The days of drive-thru lines spilling onto Sugar House streets may not be over, but Salt Lake City aims to stop the problem from getting any worse.
Planning officials presented a proposal this week to the City Council to bar new drive-thrus in dense commercial areas of Sugar House, an effort to keep the surging east-side neighborhood more walkable.
“There are parts of our community where drive-thrus make sense, and Sugar House is not one of them anymore,” council Chair Darin Mano said at the meeting. “It really does back up onto the street, and Sugar House is, in a lot of ways, becoming a model walkable, transit-connected community.”
If approved, the ban would apply to new banks, restaurants and retail shops in Sugar House Business District zoning areas, a cluster of parcels west of Sugar House Park and north of Interstate 80.
It would not prohibit existing drive-thrus from operating, and would not bar new ones in other parts of the city. Drive-thrus are already off-limits in downtown’s central business district.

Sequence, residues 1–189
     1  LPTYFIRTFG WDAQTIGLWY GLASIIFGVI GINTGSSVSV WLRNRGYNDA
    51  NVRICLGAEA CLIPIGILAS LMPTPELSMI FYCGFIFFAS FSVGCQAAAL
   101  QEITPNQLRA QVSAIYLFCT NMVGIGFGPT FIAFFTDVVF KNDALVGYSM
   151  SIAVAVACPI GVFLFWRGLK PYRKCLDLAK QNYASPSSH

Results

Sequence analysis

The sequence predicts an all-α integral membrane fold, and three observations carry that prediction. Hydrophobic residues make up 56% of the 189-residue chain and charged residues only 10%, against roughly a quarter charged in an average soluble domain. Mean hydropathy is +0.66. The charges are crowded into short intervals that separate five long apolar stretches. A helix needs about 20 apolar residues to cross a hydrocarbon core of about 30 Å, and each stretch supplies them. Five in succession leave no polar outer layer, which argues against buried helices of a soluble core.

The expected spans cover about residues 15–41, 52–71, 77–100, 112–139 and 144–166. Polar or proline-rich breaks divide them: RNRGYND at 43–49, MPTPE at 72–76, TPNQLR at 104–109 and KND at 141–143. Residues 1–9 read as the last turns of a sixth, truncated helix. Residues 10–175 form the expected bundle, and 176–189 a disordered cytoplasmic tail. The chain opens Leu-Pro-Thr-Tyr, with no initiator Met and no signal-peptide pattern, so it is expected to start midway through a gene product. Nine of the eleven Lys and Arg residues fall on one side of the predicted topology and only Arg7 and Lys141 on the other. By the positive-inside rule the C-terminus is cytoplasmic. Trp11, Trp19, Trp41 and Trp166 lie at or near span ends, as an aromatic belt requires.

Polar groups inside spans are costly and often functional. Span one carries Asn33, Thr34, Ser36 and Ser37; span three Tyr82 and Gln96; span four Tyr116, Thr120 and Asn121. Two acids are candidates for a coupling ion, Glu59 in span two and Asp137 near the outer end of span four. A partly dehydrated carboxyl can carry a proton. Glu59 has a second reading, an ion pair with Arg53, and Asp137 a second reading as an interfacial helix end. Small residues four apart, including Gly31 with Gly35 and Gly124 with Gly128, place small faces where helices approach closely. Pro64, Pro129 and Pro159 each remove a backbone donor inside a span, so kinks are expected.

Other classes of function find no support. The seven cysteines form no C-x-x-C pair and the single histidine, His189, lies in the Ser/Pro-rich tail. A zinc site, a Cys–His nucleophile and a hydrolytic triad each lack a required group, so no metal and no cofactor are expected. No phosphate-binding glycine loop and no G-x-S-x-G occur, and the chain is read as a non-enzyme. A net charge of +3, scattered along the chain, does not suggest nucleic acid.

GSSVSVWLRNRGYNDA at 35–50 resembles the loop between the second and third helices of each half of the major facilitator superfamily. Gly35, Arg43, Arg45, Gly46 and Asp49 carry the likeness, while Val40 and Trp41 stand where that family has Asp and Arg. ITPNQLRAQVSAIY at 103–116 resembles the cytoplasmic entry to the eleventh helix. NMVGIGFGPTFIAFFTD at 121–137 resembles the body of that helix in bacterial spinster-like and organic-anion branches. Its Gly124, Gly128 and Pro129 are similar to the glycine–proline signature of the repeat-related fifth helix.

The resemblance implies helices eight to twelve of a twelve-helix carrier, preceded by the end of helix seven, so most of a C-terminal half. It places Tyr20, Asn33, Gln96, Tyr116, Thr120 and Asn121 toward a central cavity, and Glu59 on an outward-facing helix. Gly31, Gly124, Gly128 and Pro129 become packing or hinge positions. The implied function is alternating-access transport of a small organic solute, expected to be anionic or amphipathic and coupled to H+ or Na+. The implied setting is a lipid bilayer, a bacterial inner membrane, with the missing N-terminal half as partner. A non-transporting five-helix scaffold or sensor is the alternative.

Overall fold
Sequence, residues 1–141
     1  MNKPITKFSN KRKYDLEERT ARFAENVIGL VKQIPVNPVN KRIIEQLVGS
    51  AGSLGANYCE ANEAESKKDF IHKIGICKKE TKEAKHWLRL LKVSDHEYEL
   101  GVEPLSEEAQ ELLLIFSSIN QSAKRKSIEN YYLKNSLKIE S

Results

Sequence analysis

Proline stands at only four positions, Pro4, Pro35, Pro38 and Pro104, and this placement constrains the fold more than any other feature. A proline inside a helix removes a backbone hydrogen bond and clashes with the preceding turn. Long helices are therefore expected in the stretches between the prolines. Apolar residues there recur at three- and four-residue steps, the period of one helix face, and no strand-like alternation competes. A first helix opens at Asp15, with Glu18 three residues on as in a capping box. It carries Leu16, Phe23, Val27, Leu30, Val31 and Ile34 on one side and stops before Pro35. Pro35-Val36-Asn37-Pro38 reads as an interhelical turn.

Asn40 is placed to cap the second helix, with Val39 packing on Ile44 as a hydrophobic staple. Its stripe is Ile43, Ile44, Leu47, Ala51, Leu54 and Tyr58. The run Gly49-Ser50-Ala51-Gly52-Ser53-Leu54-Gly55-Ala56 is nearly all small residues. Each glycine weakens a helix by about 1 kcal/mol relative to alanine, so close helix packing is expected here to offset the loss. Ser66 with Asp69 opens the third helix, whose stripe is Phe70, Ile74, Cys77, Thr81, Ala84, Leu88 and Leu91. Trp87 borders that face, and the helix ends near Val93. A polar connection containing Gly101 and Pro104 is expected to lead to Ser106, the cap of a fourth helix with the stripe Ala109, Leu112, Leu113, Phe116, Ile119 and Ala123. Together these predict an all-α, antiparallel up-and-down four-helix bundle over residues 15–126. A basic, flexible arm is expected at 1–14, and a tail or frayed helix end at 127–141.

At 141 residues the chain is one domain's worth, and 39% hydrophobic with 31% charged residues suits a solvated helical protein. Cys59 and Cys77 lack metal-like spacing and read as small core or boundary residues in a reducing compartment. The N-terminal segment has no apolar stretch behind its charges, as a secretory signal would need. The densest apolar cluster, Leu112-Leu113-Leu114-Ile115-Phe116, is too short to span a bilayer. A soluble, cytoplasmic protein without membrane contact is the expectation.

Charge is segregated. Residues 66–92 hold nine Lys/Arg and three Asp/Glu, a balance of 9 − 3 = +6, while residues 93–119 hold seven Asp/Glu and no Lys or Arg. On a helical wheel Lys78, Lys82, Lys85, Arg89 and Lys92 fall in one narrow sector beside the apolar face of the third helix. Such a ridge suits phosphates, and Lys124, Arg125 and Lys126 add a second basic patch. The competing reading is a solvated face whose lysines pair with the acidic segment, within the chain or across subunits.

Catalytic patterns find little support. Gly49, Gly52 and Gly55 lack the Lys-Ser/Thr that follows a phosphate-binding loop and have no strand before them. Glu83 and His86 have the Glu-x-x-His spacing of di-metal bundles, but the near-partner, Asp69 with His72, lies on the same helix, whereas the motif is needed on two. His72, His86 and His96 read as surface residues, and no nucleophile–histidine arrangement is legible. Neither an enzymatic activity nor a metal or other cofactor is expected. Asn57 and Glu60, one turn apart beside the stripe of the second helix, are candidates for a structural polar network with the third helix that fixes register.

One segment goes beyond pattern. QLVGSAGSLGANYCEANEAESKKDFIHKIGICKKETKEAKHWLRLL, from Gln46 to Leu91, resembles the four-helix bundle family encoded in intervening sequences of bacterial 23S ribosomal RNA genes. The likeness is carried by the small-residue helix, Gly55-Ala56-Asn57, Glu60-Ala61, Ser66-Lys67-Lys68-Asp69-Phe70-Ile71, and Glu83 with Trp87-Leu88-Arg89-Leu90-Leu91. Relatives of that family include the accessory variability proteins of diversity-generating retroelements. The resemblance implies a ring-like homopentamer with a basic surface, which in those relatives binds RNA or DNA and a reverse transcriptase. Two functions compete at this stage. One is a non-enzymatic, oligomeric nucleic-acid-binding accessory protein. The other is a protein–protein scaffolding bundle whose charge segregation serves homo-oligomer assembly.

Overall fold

Twelve businesses — including restaurants, banks, pharmacies and coffee shops — currently operate drive-thrus in the Sugar House Business District.
As of last year, Chick-fil-A had generated more complaints to city transportation officials than any other drive-thru. The restaurant has since reconfigured its drive-thru line.
Drive-thrus are disruptive, she said, as Sugar House undergoes major road construction and sees continued growth and development.
“We’re going to just have that many more people coming in, and it’s just really hard when you can’t get anywhere,” she said. “What’s suffering are the businesses, because people try to get in to go to a restaurant, and they can’t figure out where to park because it’s just so congested.”
City officials said the planning commission asked for the change because drive-thru windows are inconsistent with the purpose statement of the Sugar House Business District, which declares that that district should “promote a walkable community with a transit-oriented, mixed-use town center that can support a 24-hour population.”
City Council member Sarah Young, the area’s newly appointed representative, said in a statement that residents of her district have been vocal about the pressures drive-thrus have put on traffic, but she did not signal whether she supports the proposal to ban new ones,
“It’s important to balance the needs of residents with our business partners, which is why public comment is an essential part of the process before any decisions are final,” she said. “I look forward to hearing that feedback as we consider taking action.”
The council is scheduled to hear public comment on the idea at an Aug. 8 meeting. The new rules may be adopted as soon as Aug. 15.